The old Sugar-mill Model

 Luis Rubio

For the President, Mexico should return to its roots and attain happiness through a pathway of negation. That’s the vision he extols in a video* about an old sugar-mill, the trapiche, a primitive gig employed to extract juice from sugar cane as well as to use as an ore crusher in mining, a technology that arose in the XVI century. Therein appears to lie the point of convergence of the presidential vision: Mexico should summarily move backward four hundred years.

The economic indicators permit us to envisage that the President is procuring his objective: economic contraction accelerates, unemployment grows without limit and, without any doubt, the human dramas that are a product of the lack of income and growing needs become more acute. Anecdotal evidence suggests that the dimensions of unemployment as well as the deaths in the glutted hospitals are substantively greater than those recognized by the authorities, at least in public. Deceit lies at the heart of the project.

The problem is not the pandemic that gave rise to this indeed unfortunate scenario, but rather in the government that prior to the pandemic had already produced a recession without possibility of recovery. The President attacks Neoliberalism as the causal factor of the ills afflicting the country, but that is mere rhetoric. The evidence demonstrates that his vision is not that of development nor of progress, howsoever these are defined, but rather of a return to a very basic way of life, perhaps ancestral, all subsidized by oil. The devil with not only the (his) institutions -a phrase he uttered and that became famous in 2006- but also with the entire modern Mexico, the productive plant, and the eagerness to be better, civilized and developed. His plans –written and those in his daily dissertation- reveal a fundamentalist conception of life that starts with the recreation of agricultural self-sufficiency, the promotion of self-employment from the revitalization of diverse skills, as illustrated by the sugar mill, as well as barter and the simple and moral life. Religion is always an instrument to advance his vision.

The religious component is fundamental in the vision of the President because everything is judged through a moralistic filter determining who or what is or is not corrupt. Contrary to what many of his disciples assume, this has to do with an extremely conservative vision in which the definitions of corruption, honesty and mettle are all relative and not absolute: what matters is not the fact itself (stealing from the public funds, abuse in the sale of goods and services to the government or in personal conduct) but instead the purpose for which it is undertaken. If it contributes to the presidential objectives, redemption is not long in coming. Any action, conviction, or behavior that that is not conducive to the presidential project is corrupt, neoliberal, therefore contemptible and, yet more importantly, immoral. The preacher in the pulpit decides who lives and who does not.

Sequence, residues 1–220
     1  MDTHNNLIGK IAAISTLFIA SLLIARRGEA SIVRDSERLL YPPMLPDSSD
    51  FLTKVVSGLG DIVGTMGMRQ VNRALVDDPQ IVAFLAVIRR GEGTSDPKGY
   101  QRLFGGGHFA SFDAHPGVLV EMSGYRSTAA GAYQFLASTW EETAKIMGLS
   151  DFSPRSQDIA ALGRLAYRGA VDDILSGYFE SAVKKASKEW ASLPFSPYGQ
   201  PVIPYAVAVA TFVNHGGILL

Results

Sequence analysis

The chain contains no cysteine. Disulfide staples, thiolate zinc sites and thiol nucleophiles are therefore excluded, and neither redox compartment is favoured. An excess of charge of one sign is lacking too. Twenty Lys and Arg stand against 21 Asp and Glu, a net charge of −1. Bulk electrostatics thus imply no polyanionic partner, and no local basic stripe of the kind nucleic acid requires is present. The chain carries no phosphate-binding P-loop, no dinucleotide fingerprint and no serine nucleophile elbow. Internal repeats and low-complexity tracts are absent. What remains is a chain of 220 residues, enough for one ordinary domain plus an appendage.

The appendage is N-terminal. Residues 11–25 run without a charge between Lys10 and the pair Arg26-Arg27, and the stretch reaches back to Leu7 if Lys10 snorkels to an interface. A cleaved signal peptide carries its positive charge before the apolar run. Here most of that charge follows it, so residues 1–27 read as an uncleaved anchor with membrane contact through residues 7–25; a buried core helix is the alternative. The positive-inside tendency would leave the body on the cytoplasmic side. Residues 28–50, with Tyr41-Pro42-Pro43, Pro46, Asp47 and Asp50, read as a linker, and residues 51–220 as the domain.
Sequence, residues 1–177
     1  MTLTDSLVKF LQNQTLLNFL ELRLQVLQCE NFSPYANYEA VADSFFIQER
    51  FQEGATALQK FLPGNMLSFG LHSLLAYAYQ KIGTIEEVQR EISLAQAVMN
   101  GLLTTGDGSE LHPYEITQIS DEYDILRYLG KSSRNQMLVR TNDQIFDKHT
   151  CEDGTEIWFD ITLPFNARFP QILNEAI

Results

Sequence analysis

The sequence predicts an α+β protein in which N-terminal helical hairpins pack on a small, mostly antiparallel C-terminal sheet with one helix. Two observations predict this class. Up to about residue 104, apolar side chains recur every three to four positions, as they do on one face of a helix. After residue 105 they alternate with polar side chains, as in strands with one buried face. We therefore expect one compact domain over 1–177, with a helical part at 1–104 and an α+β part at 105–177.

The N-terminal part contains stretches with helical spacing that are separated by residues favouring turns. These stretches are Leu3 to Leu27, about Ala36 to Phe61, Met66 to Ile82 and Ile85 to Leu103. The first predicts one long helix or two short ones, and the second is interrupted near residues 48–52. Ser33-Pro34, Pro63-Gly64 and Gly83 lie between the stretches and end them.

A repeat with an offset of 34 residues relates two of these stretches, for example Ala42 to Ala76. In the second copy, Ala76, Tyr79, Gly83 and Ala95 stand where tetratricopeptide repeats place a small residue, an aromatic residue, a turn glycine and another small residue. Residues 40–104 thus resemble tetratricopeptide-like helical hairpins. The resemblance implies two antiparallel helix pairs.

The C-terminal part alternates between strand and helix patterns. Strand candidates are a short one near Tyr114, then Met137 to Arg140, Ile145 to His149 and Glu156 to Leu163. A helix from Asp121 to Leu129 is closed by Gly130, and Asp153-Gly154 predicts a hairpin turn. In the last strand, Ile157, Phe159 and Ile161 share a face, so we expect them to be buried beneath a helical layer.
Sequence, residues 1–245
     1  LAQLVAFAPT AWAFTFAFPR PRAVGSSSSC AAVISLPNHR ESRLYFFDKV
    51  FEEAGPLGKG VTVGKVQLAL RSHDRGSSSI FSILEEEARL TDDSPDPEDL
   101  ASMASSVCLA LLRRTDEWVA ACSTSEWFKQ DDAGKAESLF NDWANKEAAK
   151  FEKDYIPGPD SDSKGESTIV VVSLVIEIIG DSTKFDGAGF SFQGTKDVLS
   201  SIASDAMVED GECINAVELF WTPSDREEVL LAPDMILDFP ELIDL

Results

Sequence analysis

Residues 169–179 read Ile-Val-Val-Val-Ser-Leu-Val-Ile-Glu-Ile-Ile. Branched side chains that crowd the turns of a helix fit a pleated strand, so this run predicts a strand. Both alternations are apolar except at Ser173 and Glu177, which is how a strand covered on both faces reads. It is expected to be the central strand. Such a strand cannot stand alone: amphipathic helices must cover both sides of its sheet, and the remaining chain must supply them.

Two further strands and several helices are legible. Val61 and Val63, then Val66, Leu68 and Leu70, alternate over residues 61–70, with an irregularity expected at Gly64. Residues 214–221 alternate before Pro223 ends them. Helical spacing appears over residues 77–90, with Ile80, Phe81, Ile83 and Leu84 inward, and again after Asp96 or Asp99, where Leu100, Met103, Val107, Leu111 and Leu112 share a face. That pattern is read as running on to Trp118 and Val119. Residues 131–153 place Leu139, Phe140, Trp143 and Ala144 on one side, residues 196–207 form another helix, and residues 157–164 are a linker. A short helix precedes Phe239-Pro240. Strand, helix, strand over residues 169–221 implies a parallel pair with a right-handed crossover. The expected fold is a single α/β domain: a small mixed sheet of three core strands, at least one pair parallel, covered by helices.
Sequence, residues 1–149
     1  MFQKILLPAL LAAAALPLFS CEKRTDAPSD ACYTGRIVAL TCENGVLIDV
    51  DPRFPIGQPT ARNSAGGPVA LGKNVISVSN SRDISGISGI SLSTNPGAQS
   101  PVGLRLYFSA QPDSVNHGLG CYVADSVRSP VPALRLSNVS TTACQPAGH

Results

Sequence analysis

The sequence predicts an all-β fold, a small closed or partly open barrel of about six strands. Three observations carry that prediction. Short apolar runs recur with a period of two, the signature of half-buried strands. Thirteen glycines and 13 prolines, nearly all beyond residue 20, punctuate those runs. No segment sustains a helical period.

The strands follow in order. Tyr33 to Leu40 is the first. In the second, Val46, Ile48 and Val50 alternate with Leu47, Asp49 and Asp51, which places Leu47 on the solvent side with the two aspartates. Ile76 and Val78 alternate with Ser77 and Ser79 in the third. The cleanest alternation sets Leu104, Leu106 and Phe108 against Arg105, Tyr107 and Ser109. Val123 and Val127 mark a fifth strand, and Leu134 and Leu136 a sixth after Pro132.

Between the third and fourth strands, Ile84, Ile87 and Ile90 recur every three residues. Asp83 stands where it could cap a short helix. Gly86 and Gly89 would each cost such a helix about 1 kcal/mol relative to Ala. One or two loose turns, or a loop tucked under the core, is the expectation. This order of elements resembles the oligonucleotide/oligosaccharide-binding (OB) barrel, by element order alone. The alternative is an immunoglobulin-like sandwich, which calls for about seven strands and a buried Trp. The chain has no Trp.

From this perspective, it is perfectly explainable why the growth of the economy (one of the central factors in the President’s criticism of so-called Neoliberalism) no longer matters, violence can be ignored and knowledge is reprehensible. In addition, it is very convenient to pretend that there’s no reason for the government to be accountable for the country’s situation. Behind this lies the reality of a massive portion of the population that has endured the “education” made (im)possible by the two teachers unions, the CNTE and the SNTE, both sponsored and validated by AMLO himself. What is relevant is not consistency but expediency, wholly cloaked in the moral posturing that, at least to date, maintains a fairly high number of voters still believing in the President. In a world of fundamentalist poverty, education and health are irrelevant, because a higher authority says so, the very same authority which follows a single rationale, the only one that matters: the electoral.

The problem of the presidential vision is that it derives from a fallacy: that people are foolish and do not understand anything. That is, that the average Mexican can be lied to, cheated and duped because they have no way of grasping what is going on. The reality is precisely the opposite: the majority of Mexicans may have been furious with Peña’s flagrant corruption and arrogance, as well as with the promises and errors of technocrats in general and with the day-to-day sub-standard treatment of the population by bureaucrats and politicians, but they know well –they see it on television and hear it from their relatives in the U.S.- that the world works on the basis of openness, , democracy and the markets. Many will perceive the President as faultless, but that will be irrelevant when the dilemma is between an old sugar mill or a real job. Mexicans know that the future lies not in XVI-century technology but in the ultra-modern manufacturing plants of el Bajío or the Mexican North. The fact that many Mexicans receive money from the government does not deceive them, even while it naturally compels them to do what’s necessary to preserve those transfers.

The world of the old sugar mill leads nowhere, making it clear that the present government has no future and that its demise will end up being accelerated by this pandemic that lays everyone bare and makes evident what does not work. But the cost of all this will be enormous.